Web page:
The sequence where Baxter finds Miss Kubelik in the midst of a pill overdose and must enlist the help from his neighbor the doctor to save her is extremely powerful. The doctor is no stranger to the carrying on that goes on in the apartment, but incorrectly assumes Baxter is some good time Charlie, who has a different girl every night of the week. Watching Baxter have to play the part of the heartless bastard to hide Miss Kubelik’s secret is one of my favorite scenes in any film. The Oscar winning screenplay has so many magical unspoken moments. I remember in one of my screenwriting classes, my professor waxed poetic about the mirror scene. Early in the film, Baxter returns a compact with a broken mirror to Mr. Sheldrake, then later he sees Miss Kubelik with the same broken mirror, which tells him without words that she is his boss’ mistress. Billy Wilder said that if you let the audience connect the dots themselves, they’ll love you for it.

MacLaine’s Fran Kubelik may be one of the first manic pixy dream girls in film history. She even has a sassy pixie cut! She’s quirky and tragic and can have any man she wants, at least for a night. Baxter loves her quirkiness and is a bit taken aback by her drama but knows he could be the man she needs. My only real complaint about the film is that I don’t believe Baxter and Miss Kubelik will last in the end. I think they’ll give it an honest try, but she’ll eventually leave him for someone more exciting.

Favorite Quote:

Baxter: That’s the way it crumbles, cookie-wise.

The Aviator

I’m a big fan of biopic, particularly when they are done right, and The Aviator tells the story of one of the biggest oddballs in Hollywood history with honesty, tenderness, and, occasionally, humor.

I was thirteen when Titanic came out, so I will always have a soft spot for Leo. I admire him because he’s a guy who could have coasted on his looks alone, but he always chooses his roles carefully. He’s one of those actors whose films you can depend on to at least be interesting in some way. As Howard Hughes, you watch a man who has everything (looks, money, intelligence, creativity) but will lose it all to mental illness. I love how clear it is that Howard knows he is not normal, but is powerless to control himself. At one point, he must hold his hands over his mouth to stop himself from repeating the same sentence over and over again. You also watch his OCD progress with time, knowing eventually this man who flies around the world and dates movie stars will be a shut-in who is mocked on The Simpsons for wearing tissue boxes as shoes. I can’t think of another movie or television show that portrays OCD with as much respect.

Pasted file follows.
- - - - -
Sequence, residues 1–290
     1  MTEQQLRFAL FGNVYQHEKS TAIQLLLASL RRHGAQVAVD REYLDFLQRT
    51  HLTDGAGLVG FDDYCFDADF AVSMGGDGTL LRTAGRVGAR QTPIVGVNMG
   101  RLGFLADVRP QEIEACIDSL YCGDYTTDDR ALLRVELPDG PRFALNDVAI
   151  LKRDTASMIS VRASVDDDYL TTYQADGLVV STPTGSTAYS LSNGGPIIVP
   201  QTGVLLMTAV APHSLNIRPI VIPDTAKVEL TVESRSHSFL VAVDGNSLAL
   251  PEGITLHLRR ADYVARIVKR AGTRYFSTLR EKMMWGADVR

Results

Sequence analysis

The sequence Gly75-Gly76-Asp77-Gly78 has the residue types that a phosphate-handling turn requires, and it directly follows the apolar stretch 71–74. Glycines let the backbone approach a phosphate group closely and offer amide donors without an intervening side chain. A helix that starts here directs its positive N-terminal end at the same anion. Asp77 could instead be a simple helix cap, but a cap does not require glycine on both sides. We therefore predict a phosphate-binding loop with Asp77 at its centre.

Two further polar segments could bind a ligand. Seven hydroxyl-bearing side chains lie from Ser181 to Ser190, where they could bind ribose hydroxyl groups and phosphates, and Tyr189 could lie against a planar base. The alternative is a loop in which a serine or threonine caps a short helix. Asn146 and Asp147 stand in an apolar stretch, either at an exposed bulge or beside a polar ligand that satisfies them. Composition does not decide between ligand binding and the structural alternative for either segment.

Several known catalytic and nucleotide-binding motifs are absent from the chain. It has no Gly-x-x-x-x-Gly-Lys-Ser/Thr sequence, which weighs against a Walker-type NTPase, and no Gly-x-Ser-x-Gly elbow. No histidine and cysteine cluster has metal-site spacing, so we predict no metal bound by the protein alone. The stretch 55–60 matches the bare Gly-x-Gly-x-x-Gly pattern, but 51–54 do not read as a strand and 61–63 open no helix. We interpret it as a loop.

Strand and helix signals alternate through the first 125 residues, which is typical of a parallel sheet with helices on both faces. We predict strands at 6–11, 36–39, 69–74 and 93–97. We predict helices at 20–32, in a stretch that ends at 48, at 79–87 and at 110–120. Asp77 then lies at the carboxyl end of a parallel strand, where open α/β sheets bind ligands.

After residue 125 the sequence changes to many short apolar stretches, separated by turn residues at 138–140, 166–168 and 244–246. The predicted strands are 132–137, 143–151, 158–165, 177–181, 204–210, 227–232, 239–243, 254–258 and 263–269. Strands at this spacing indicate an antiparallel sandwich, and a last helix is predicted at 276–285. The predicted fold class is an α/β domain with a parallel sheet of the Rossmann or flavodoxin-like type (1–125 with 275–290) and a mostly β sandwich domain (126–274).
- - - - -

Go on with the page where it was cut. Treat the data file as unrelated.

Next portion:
While Leonardo DiCaprio is terrific as Howard, the person who really shines in this film is Cate Blanchett as Katharine Hepburn, who won an Oscar for her performance. The film portrays Hepburn as the only woman who could bring out the tender side of Howard and the only person who could get him to relax enough to have some fun. In a moment of screenwriting genius, Howard shares his milk with Kate, showing us how much this germaphobe must trust her. The two are intelligent and opinionated people with strong personalities, which is what draws them to each other and eventually tears them apart. Kate’s family is too intense, Howard romances other women in the press, Kate likes to be the center of attention, Howard is too obsessed with work, but it all ends when Kate meets the love of her life, Spencer Tracy. Although the relationship ends, it is clear the two always remained special to each other. Cate does a great job of channeling this icon, to the point where I think of this performance whenever I watch one of the real Hepburn’s films.

I would recommend this film to be seen with Scorsese’s other love letter to film, Hugo. It is clear when you watch The Aviator that Scorsese was highly influenced by early filmmaking. He recreated the looks of early color film processes Cinecolor & Technicolor to make everything look like a color film from the time periods represented. This is most notable in the scene where Errol Flynn takes the peas off Howard’s plate. The peas have a bluish tint to them. The colors become stronger as time progresses.

I think this film is a great biopic because it takes a figure that many have heard of, but few know intimate details and paints him not as a sinner or a saint, but a person who was capable of greatness but often sabotaged by his own weaknesses.